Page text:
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By Faizel Patel

Senior Digital Journalist


Muslims prepare for Ramadan in SA

Islam follows the lunar calendar and the sighting of the moon signals the start of the Islamic month of Ramadan.


Muslims across South Africa are preparing for the Islamic month of Ramadan which is expected to dawn in the middle of next week.

Depending on the sighting of the moon, the holy of month of Ramadan is expected to start after sunset on Wednesday, and the first fast beginning on Thursday.

Moon sighting

Islam follows the lunar calendar and the sighting of the moon signals the start of the Islamic month – In Islam, the new day also begins just after sunset.

If the moon is not sighted on Wednesday, Ramadan will begin on Thursday and the first fast on Friday.

The annoucement of the sighting or non-sighting of the moon is made by the United Council of Ulama of South Africa (UUCSA).

Fasting

During the month of Ramadan, Muslims fast from dawn to dusk usually having a predawn meal before the fast begins.

Once the fast starts, they are not allowed to eat a morsel of food or even take a sip of water until sunset.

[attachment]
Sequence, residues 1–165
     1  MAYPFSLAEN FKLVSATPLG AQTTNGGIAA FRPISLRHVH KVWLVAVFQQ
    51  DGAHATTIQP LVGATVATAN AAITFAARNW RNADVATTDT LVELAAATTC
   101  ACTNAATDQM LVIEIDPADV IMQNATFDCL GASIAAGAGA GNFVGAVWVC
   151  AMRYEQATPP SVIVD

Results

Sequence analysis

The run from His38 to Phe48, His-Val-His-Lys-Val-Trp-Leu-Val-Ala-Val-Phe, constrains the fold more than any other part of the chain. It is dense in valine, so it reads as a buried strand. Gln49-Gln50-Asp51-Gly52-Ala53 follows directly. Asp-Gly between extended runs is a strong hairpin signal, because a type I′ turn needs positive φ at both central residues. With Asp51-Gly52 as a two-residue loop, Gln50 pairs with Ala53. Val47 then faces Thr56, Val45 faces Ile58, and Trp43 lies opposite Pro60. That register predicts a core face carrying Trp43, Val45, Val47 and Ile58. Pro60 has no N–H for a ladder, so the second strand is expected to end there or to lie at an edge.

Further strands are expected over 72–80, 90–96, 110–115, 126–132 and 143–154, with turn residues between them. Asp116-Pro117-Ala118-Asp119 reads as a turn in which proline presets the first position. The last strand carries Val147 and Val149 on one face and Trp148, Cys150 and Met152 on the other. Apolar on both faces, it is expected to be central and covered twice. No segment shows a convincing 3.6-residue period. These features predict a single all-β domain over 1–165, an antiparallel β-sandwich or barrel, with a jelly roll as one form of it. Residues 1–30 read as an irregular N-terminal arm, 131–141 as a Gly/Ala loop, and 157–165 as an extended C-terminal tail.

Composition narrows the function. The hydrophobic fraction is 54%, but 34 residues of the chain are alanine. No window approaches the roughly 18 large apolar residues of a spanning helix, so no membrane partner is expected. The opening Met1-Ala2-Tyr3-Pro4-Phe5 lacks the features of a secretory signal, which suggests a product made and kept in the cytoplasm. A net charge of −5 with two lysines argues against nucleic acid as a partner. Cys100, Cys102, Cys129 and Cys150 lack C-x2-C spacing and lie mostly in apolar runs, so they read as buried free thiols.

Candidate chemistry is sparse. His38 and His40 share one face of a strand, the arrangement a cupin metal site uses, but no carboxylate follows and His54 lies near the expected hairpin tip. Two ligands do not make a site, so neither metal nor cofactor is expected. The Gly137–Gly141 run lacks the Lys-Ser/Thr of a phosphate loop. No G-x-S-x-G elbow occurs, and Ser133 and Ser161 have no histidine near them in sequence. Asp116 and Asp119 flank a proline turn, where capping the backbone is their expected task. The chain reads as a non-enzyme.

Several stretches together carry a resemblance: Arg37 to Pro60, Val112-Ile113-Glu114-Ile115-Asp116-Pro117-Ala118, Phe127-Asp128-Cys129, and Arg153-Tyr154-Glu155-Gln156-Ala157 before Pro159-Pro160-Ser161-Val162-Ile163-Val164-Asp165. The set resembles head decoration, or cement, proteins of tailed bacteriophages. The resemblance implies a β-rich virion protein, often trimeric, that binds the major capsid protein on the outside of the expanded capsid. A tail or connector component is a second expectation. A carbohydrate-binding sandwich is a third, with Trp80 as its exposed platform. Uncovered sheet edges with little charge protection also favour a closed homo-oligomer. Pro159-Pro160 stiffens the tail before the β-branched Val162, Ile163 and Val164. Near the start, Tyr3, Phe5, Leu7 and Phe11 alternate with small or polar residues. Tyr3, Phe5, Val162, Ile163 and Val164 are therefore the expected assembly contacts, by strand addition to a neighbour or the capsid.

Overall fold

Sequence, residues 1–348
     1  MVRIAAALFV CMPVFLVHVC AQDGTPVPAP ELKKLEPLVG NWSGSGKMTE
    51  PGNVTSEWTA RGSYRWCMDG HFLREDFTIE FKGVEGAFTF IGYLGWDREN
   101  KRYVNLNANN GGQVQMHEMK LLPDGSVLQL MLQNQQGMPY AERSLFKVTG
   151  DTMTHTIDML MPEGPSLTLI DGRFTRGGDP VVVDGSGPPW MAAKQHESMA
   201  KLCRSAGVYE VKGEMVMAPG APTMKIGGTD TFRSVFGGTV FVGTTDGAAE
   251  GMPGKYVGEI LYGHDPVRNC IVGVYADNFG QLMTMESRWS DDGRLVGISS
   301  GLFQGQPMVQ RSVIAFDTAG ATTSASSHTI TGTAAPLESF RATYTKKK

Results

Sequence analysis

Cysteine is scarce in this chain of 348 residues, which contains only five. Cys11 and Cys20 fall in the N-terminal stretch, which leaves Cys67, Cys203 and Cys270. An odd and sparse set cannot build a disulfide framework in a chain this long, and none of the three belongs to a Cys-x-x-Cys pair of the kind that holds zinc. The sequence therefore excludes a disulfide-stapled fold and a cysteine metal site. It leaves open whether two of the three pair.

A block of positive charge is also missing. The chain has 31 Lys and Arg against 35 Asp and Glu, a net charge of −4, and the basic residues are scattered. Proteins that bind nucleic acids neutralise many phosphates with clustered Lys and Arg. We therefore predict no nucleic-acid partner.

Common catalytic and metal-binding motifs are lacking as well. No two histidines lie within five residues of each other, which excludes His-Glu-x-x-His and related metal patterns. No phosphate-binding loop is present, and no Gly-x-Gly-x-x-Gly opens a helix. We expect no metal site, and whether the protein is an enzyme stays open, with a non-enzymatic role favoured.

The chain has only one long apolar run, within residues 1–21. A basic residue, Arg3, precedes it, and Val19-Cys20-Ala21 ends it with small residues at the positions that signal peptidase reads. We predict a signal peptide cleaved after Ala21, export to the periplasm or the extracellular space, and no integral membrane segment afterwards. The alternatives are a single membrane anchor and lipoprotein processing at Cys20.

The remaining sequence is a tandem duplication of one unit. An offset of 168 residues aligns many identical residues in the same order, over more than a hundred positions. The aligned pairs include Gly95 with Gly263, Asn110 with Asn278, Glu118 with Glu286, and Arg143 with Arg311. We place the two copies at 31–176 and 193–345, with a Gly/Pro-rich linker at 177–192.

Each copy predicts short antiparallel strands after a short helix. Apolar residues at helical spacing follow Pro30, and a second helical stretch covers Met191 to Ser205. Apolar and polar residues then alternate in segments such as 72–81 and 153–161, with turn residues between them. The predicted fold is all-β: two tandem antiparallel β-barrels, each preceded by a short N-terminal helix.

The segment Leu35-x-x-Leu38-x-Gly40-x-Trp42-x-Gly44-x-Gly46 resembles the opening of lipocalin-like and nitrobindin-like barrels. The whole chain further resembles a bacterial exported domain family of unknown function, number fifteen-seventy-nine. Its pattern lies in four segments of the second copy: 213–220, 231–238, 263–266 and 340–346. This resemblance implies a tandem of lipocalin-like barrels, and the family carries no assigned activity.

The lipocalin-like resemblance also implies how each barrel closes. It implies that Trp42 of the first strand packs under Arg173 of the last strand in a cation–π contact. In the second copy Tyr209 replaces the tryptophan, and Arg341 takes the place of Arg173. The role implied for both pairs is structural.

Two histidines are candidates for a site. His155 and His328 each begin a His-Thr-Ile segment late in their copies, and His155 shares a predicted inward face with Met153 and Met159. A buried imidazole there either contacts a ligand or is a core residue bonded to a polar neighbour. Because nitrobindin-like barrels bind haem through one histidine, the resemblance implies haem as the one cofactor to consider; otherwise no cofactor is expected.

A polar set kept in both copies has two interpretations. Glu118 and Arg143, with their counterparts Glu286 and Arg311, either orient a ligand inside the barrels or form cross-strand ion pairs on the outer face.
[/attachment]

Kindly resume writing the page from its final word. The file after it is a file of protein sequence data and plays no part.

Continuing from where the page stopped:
Fasting is also a spiritual discipline to abstain from bad actions including sexual relations, which nullify or break the fast.

During the month of Ramadan, Muslims usually break their fast with a date and a glass of water.

The holy month of Ramadan is more than just a month of fasting; it is a month that has many benefits and rewards for Muslims.

Meaning of Ramadan

The word Ramadan, which is the ninth month on the Islamic calendar, means ‘the heat that scorches the earth or the heat that scorches a person when a person is fasting’.

The actions of Ramadan and linguistic meaning of Ramadan is twofold

Muslims believe it scorches the earth or the person when he feels the thirst, so there is a scorching of the throat in experiencing the thirst.

From a spiritual perspective, it scorches away the sins which the Almighty wipes and forgives when a person undergoes the challenge and the effort of keeping a fast.

Fasting or abstaining from food also teaches important lessons including compassion in that a fasting person will understand what others who are hungry and less fortunate, who do not have a daily meal, go through on a daily basis.

Respecting the fasting person

There are many non-Muslims who also respect and support their Muslim colleagues who are fasting by having their lunches out of sight of those who are fasting.

During Ramadan, Muslim men also attend the mosque more frequently, where the holy Quran, which has thirty chapters, is recited every night until the end of the blessed month.

Some Muslims also travel to the Kingdom of Saudi Arabia and spend the holy month there because there is a spiritual ecstasy of a higher level.

ALSO READ: In pictures: Ramadan in South Africa and around the world

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